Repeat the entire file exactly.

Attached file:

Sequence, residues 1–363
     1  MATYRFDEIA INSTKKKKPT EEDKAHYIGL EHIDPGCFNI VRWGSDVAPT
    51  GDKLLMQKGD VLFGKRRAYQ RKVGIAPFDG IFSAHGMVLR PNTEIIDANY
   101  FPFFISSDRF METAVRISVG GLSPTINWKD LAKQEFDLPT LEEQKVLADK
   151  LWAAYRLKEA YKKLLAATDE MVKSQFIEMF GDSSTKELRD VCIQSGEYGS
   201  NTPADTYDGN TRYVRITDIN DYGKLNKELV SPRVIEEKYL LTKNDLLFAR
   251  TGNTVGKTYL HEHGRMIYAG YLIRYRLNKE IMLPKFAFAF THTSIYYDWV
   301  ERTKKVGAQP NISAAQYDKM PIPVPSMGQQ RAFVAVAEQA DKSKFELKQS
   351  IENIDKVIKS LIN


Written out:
Sequence, residues 1–363
     1  MATYRFDEIA INSTKKKKPT EEDKAHYIGL EHIDPGCFNI VRWGSDVAPT
    51  GDKLLMQKGD VLFGKRRAYQ RKVGIAPFDG IFSAHGMVLR PNTEIIDANY
   101  FPFFISSDRF METAVRISVG GLSPTINWKD LAKQEFDLPT LEEQKVLADK
   151  LWAAYRLKEA YKKLLAATDE MVKSQFIEMF GDSSTKELRD VCIQSGEYGS
   201  NTPADTYDGN TRYVRITDIN DYGKLNKELV SPRVIEEKYL LTKNDLLFAR
   251  TGNTVGKTYL HEHGRMIYAG YLIRYRLNKE IMLPKFAFAF THTSIYYDWV
   301  ERTKKVGAQP NISAAQYDKM PIPVPSMGQQ RAFVAVAEQA DKSKFELKQS
   351  IENIDKVIKS LIN